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Chapter 3

🧭 Before getting started

🤝 Partner with a public health-focused organization

If you are not from a public health organization, identify ones you can work with whose mission aligns with the aims of the project. They should be focused on the health topic of interest and/or serve the population of focus, and be in a position to help implement recommendations and solutions identified in the project. It’s essential to work with the community of focus from day one, and the partner organization should help facilitate this. These organizations can provide expertise, technical input, access to people and communities who might want to submit stories or analyze them, potential funding, links to networks, and can serve as a sounding board throughout the project. They are a critical component to the project because they can help bridge the gap between project outputs and community impact. Without this important step, you may be able to collect and analyze stories and develop recommendations, but they may not be informed by the realities of your health topic, and you may not have anyone who can take action on your insights, and the project becomes a report that sits on a shelf instead of improving people’s health.

ℹ Gather available data

Understand the health topic of concern and the community of focus by collecting any relevant available data. This might include public health reports on the topic, news coverage of the topic, opinion polls, routine health system data, situational reports (during emergencies), peer-reviewed articles, social media reports, or infodemic insights reports. The more specific to your community of focus the better, which means national-level data will be less useful than a report from the state where your community of interest resides. Your community of focus might not be geographically bound, so think about what organizations might collect and publish data on it. For example, if you want to focus on young people, you might want to know who collects data about young people and the chosen health topic. These data sources can help you fill in knowledge gaps and identify potential topics you might want to ask about when collecting stories. They can also help you pinpoint where to go to collect stories and who to talk to.

It is a good idea to speak to informal leaders and practice leaders in the community of focus to let them know this work is about to start. They know the community best, and you want to ask and confirm that they think it is a good idea to do this work, and to build trust and engagement. They will have ideas for you in developing your plan, which will help make your work successful. For example, they will help you identify local resources and capacities and the timing for stages of work, and more importantly, how to make sure real action follows the work.

💪 Identify resources and capacities

Map which people and organizations you might want to contact or collaborate with. Determine the time, people, and funding required to implement the project. Assess what kind of institutional support is available to you, such as free meeting space, digital tools, or funding. The more stories you want to collect, the more complex the project will become.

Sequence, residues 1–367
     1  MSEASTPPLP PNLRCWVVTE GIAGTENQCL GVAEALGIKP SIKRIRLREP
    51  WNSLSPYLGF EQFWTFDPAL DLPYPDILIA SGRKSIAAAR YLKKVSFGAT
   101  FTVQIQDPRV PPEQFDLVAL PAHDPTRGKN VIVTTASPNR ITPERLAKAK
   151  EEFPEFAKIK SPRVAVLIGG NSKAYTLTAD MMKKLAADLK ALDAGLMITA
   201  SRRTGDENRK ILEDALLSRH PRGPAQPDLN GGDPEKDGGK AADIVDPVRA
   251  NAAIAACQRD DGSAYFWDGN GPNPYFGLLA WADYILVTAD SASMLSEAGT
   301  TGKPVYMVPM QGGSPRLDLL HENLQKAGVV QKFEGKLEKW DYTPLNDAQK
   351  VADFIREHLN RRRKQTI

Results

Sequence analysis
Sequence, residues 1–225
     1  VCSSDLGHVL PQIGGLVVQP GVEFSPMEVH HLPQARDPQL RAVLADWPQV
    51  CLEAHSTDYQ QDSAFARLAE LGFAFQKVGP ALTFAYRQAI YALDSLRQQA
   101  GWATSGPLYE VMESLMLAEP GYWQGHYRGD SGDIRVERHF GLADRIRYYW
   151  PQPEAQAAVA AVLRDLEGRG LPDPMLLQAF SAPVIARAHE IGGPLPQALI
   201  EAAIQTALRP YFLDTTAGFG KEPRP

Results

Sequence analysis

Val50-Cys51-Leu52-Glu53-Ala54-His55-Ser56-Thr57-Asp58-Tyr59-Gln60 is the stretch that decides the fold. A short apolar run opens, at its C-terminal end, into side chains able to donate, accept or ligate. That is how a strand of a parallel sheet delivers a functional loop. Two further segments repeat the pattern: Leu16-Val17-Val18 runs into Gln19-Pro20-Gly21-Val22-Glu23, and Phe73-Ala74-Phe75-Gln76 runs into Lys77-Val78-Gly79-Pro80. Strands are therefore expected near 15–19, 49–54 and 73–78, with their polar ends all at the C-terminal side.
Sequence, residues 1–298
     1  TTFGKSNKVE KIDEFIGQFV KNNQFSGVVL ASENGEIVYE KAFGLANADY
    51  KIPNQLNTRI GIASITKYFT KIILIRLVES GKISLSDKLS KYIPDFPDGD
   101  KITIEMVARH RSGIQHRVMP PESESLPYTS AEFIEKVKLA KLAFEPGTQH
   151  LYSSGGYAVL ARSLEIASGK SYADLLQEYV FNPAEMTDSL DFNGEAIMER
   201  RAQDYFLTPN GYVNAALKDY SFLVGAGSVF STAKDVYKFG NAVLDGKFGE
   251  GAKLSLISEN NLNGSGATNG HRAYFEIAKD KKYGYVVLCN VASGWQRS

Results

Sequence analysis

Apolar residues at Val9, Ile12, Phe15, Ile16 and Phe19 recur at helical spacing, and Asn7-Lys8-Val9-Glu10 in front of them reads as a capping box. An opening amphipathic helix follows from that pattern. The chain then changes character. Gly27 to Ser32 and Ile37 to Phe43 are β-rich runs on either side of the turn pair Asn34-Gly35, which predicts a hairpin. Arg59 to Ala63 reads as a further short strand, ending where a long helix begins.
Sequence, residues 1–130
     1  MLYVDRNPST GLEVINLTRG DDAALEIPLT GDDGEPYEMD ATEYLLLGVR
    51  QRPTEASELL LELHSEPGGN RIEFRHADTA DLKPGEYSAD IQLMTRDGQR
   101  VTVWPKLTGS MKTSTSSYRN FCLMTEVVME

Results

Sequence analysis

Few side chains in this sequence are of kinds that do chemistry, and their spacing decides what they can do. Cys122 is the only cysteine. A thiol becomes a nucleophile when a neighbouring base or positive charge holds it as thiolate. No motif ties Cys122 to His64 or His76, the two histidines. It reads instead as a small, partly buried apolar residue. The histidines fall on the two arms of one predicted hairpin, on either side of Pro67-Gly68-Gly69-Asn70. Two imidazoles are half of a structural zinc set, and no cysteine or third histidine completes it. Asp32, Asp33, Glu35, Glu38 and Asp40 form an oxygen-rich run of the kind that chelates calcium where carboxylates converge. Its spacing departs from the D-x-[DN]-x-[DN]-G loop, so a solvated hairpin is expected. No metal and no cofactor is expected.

🖇️ Connect to expertise

Aim to involve someone who is an expert on the health topic and another person who is an expert on the community of focus, such as a community leader. Other kinds of expertise, such as behavioral science, epidemiology, communications, infodemic management, health equity, and health promotion expertise, may also be beneficial to seek out. These experts can provide technical feedback throughout your project.

🏗️ Build a team

It will take a small team of two to six people with different skill sets and roles to run this project, keeping it nimble and productive. Choose roles based on the size and scope of the project. For example, you will need people who will engage the community of focus, solicit or collect stories, manage the project, facilitate the discussions, take notes, and develop and disseminate the reports. Having familiarity with the community of focus — which may include having community ties, speaking the language, and having an understanding of the partner landscape — is critical. Develop a clear outline of team members, roles and responsibilities, and a way to coordinate and communicate, which may be a WhatsApp group, a Slack channel, or regularly scheduled in-person meetings. Your community’s preference for communication will likely influence this. Ensure there is a central file repository where all project information can be documented and archived.

👣 Follow existing guidance

Your project might require clearance or agreement from different organizations involved and adherence to organizational policies. Because this project collects data from people and uses it to inform public health efforts, it may be considered research. This means you should first seek guidance from your organization’s research ethics committee or similar body on obtaining research determination before proceeding with project planning or collecting any data. Other special policies may be in place that govern how you engage with specific people or communities, such as working with vulnerable groups (e.g., children or people with disabilities) or discussing topics that may be sensitive or stigmatizing, such as drug use or reproductive health. Double-check on existing norms and guidance on community engagement, including unwritten norms. It may be helpful to understand how previous similar projects engaged the community of focus. Make sure you document everything and check in frequently with the team, technical experts, and responsible organizations throughout the project.

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